Walking the Old Ways. Studies in Contemporary European Paganism
Edited by Adam Anczyk and Halina Grzymala-Moszczyńska
Sacrum, 2012, 230 p. ISBN 978-83-933048-2-0
‘Walking the Old Ways’ is a metaphor. The introduction takes the reader on a very short tour – putting ones feet into the footsteps of generations of travelers that walked this Way hundreds of years ago. But the Old Ways are still walked upon, by people reconstructing the religions of pre-Christian Europe or sharing Neo-Pagan versions. The emphasis in this book is on contemporary Paganism in Central Europe. But one chapter is dedicated to the views of ‘Stenny’, the core members of the Dutch Pagan Folk band Omnia. Yentle Schattevoet analysed the lyrics and the booklets that accompany the albums by Omnia, the Omnia website, the fanzine and newsletters, and answers by ‘Stenny’ to questions on the forum.
The book joins the almost 30 year old tradition of academic studies on contemporary Paganism. It includes articles on those movements that were rarely a subject of an academic interest previously, namely Polish, Greek, Hungarian and Lithuanian Neo-Paganisms. They are accompanied by three case studies, one conducted among the Czech Neo-Pagans, the second being an exploration of religiosity of Omnia members Steve and Jenny, and the third one a recapitulation of a field-study on spiritual-development workshops in Poland. The last article is on religion in Role Playing and Live Action Role-Play games. That may form a platform of comparison – especially in psychological terms – between rituals enacted during the game play and these performed by Neo-Pagans.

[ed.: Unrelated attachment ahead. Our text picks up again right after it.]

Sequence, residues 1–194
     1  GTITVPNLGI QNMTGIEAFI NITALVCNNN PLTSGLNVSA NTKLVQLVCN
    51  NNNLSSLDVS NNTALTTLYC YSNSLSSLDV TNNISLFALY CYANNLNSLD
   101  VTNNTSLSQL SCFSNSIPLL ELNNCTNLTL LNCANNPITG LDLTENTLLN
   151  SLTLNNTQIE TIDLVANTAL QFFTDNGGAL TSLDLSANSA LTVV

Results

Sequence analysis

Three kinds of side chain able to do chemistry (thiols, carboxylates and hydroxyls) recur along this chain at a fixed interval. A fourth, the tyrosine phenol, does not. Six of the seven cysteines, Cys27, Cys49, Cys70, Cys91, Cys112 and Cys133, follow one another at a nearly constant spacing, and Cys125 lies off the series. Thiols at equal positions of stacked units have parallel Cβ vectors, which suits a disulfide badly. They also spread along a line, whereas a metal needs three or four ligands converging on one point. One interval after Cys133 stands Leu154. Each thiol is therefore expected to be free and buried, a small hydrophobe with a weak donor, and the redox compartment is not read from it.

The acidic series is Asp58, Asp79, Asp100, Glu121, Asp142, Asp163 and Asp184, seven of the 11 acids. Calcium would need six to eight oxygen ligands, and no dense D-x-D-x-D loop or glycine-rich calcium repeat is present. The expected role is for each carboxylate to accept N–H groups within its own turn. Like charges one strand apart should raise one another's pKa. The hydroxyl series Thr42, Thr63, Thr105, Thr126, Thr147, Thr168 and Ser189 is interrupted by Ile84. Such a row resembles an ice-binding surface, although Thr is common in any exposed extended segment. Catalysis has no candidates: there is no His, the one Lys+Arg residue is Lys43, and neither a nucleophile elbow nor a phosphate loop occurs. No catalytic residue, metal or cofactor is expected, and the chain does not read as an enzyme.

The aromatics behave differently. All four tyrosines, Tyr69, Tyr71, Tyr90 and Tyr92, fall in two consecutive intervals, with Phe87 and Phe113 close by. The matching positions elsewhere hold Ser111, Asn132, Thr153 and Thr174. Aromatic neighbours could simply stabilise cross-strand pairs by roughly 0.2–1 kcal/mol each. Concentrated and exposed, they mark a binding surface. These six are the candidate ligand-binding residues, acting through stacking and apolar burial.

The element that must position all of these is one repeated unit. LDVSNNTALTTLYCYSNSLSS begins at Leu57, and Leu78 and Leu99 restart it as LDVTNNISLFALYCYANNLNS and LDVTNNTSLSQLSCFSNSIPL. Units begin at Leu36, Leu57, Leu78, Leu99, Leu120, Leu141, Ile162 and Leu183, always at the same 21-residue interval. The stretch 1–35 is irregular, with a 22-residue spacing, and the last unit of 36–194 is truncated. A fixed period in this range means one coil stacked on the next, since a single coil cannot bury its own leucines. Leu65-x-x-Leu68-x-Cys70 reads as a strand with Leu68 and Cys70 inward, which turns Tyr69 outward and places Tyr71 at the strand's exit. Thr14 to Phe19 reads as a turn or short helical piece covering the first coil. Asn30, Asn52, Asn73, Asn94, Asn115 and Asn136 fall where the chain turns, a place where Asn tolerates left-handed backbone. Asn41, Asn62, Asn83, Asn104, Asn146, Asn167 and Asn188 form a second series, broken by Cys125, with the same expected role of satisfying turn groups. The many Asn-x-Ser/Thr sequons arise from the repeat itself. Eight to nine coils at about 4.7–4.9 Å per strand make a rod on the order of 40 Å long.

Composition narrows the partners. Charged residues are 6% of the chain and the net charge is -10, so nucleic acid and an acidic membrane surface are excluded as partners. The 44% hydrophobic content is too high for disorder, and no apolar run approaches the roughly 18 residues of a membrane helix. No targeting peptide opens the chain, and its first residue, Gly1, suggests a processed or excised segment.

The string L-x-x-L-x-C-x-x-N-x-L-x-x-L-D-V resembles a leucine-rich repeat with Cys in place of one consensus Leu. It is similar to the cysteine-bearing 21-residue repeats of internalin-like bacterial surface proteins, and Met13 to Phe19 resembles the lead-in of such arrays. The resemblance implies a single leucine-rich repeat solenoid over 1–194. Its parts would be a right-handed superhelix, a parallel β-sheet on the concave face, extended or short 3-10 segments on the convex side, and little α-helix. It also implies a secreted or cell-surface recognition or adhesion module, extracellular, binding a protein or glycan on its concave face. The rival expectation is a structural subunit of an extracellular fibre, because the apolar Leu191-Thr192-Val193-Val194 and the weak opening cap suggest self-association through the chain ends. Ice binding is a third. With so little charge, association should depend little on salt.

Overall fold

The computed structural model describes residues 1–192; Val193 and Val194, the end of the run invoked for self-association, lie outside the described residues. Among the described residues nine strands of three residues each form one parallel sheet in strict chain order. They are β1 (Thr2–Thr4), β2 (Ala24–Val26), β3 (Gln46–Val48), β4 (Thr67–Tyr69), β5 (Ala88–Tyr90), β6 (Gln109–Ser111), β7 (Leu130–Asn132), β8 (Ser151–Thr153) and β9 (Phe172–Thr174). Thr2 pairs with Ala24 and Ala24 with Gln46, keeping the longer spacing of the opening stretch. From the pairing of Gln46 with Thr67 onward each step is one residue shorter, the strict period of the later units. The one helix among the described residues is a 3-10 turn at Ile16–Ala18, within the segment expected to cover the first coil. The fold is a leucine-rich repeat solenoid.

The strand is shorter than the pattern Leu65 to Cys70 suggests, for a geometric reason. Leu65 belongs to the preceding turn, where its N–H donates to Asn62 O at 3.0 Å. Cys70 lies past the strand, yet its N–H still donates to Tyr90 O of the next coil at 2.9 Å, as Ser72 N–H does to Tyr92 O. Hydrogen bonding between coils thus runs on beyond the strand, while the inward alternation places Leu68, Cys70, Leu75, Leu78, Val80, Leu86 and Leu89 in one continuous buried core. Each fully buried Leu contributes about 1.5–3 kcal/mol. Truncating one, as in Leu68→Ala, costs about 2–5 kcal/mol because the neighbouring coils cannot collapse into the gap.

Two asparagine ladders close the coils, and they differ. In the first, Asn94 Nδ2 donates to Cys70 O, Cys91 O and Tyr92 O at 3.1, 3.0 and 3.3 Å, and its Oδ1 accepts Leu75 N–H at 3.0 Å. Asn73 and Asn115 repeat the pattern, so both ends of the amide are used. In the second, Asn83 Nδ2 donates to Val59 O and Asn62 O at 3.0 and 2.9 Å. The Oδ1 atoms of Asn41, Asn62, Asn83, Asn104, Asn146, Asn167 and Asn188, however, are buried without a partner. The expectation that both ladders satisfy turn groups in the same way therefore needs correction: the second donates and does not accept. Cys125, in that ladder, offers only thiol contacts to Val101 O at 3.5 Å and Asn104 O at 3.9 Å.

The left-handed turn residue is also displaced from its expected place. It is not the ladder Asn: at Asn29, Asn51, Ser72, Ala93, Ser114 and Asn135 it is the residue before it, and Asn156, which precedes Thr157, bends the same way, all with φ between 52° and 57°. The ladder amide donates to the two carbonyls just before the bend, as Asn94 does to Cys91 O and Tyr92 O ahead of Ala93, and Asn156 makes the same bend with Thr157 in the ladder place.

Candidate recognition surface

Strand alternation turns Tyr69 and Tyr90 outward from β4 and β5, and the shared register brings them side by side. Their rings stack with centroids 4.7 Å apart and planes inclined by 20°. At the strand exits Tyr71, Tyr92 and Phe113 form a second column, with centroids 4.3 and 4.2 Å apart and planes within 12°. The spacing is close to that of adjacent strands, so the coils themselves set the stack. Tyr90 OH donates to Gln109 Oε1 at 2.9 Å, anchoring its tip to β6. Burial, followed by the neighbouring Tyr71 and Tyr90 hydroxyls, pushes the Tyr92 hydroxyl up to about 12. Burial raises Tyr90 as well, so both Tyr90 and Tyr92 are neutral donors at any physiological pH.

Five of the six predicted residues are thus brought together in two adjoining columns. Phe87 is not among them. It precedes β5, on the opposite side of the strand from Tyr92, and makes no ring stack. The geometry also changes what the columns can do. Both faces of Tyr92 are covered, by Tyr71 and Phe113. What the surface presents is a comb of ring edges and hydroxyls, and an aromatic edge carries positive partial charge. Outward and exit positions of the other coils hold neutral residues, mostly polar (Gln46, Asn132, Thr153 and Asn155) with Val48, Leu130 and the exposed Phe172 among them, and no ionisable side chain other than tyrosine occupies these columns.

Rasa Pranskevičiūtė describes ‘Modeling the Sacred in Nature among Nature-Based Spirituality Movements’. Adam Anczyk explores ‘The Image of Druids in Contemporary Paganism: Reconstructing the Myth’. Do follow the link and download the table of contents to see the other articles (papers).
This book is a must-read for Pagans in Western Europe, not just academic students of New Religious Movements or other fields of religious studies. I’m pleased to see so many interesting views on Neo-Paganism from elsewhere in Europe!